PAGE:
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AQA

December 7, 2016

The Parliamentary Question is an arcane art: for the person asking, the art is to phrase the question as widely as possible so as to “fish” for at least some of the facts you might want to know.  For the person answering, it is to give the minimum amount of information compatible with not actually lying in the person’s face.

Why?  Why not just ask what you want to know and then answer the bloody question?

Here’s an illuminating exchange from the 5th December Small Business debate in the Lords, from Hansard, via the indispensable “they work for you” site:

Lord Vinson (Conservative)
To ask Her Majesty’s Government, in the light of the fact that most small businesses assess their profits annually in arrears, whether it is the intention of HM Revenue and Customs to make small businesses report their income and expenditure quarterly; and what assessment they have made of the feasibility of this requirement. (HL Deb, 5 December 2016, cW)

In other words, MTD, can it be done?

Lord Young of Cookham Lord in Waiting (HM Household) (Whip)
HM Revenue and Customs published a consultation document setting out the Government’s proposals on 15 August 2015 entitled “Making Tax Digital: Bringing business tax into the digital age”. The consultation included an initial assessment of the impacts on businesses. The consultation closed on 7 November. The government is currently considering the responses to the Making Tax Digital consultations and will publish its response and draft legislation in January, together with an updated Tax Impact Assessment.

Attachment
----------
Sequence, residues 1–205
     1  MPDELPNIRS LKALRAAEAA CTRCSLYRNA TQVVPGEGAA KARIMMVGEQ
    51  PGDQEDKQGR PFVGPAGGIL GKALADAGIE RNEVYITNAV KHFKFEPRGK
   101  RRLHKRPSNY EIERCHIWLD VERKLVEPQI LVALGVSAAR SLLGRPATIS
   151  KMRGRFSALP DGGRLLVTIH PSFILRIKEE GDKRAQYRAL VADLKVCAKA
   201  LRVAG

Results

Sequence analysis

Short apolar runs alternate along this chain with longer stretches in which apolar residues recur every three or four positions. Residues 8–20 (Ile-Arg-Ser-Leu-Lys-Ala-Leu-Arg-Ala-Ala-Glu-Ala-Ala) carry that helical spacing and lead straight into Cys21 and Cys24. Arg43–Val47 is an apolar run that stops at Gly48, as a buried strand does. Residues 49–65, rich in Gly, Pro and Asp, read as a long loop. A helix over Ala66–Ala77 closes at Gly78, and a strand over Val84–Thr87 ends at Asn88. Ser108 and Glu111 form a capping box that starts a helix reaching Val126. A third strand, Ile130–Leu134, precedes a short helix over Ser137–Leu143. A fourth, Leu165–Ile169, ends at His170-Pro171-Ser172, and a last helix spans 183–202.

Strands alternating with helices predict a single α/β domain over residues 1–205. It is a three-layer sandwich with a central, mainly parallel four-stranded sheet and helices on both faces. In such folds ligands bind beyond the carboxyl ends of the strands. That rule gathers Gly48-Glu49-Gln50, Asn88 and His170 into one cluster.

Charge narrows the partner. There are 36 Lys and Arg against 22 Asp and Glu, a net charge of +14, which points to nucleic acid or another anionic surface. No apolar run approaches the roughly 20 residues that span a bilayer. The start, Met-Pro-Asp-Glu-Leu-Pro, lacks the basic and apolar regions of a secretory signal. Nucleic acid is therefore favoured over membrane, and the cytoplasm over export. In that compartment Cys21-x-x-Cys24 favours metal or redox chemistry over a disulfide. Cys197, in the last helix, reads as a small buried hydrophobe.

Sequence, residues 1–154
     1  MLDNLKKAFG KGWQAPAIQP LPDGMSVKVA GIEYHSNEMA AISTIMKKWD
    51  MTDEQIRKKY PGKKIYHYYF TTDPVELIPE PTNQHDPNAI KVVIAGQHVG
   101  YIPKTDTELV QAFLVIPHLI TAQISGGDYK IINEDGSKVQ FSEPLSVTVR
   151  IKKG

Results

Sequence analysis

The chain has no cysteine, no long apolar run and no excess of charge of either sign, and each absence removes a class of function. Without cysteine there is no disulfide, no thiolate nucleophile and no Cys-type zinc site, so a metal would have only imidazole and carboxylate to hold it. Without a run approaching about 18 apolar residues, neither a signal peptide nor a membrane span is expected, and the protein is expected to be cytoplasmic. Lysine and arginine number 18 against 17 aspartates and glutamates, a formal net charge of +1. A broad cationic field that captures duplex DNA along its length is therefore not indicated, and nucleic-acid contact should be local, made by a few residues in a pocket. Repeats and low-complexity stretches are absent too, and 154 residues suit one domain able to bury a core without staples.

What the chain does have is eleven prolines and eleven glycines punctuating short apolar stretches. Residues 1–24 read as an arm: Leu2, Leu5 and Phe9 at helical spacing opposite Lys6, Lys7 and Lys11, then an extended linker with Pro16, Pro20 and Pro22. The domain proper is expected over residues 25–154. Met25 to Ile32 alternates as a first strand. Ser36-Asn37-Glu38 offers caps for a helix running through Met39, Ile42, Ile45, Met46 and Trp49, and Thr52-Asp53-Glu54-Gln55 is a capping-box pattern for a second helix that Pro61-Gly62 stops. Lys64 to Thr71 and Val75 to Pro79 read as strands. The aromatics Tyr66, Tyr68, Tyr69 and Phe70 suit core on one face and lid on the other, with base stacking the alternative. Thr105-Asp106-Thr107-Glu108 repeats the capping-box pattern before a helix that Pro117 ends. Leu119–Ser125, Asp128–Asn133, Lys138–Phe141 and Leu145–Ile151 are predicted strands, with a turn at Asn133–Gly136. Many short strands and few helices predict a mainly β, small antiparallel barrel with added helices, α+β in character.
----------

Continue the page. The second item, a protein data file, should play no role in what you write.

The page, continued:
In other words, we’ve done an initial impact assessment and we’ll refine it in January.

Let’s turn to that impact assessment, shall we?

Look at para 8.6 on page 60, for example:

…We recognise that many businesses will incur costs, including time costs in making the transition to a digital way of transacting with HMRC.  However we do not yet have a granular understanding of what those costs will be to provide an estimate at this time.

An impact assessment is about costs, not about feasibility.  The tax impact assessment process is about three costs: the cost or gain to the exchequer (i.e. the increase or reduction in tax due as a result of a change to the system), the cost or savings to the taxpayer (the administrative burden, in terms of the standard cost model – a very precise measurement of the average cost to the averagely competent business, but not a particularly robust or realistic assessment of the actual costs to an actual business) and, thirdly, the costs or savings to HMRC.  The question Lord Vinson asked was, I think, whether businesses would be ABLE to operate MTD.  The question Lord Young answered appears to have been an entirely different one.

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